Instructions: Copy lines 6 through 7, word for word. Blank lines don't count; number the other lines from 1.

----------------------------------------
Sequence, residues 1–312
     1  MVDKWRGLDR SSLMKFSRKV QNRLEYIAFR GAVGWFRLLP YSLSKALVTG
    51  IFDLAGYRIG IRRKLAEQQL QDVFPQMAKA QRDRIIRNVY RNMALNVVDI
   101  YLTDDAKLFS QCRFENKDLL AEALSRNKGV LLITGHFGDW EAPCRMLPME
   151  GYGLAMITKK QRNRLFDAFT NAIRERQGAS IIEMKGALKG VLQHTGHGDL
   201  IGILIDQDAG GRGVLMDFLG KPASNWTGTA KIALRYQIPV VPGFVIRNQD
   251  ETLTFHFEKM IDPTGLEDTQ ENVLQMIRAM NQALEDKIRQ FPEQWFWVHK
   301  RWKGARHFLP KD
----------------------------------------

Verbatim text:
   201  IGILIDQDAG GRGVLMDFLG KPASNWTGTA KIALRYQIPV VPGFVIRNQD
   251  ETLTFHFEKM IDPTGLEDTQ ENVLQMIRAM NQALEDKIRQ FPEQWFWVHK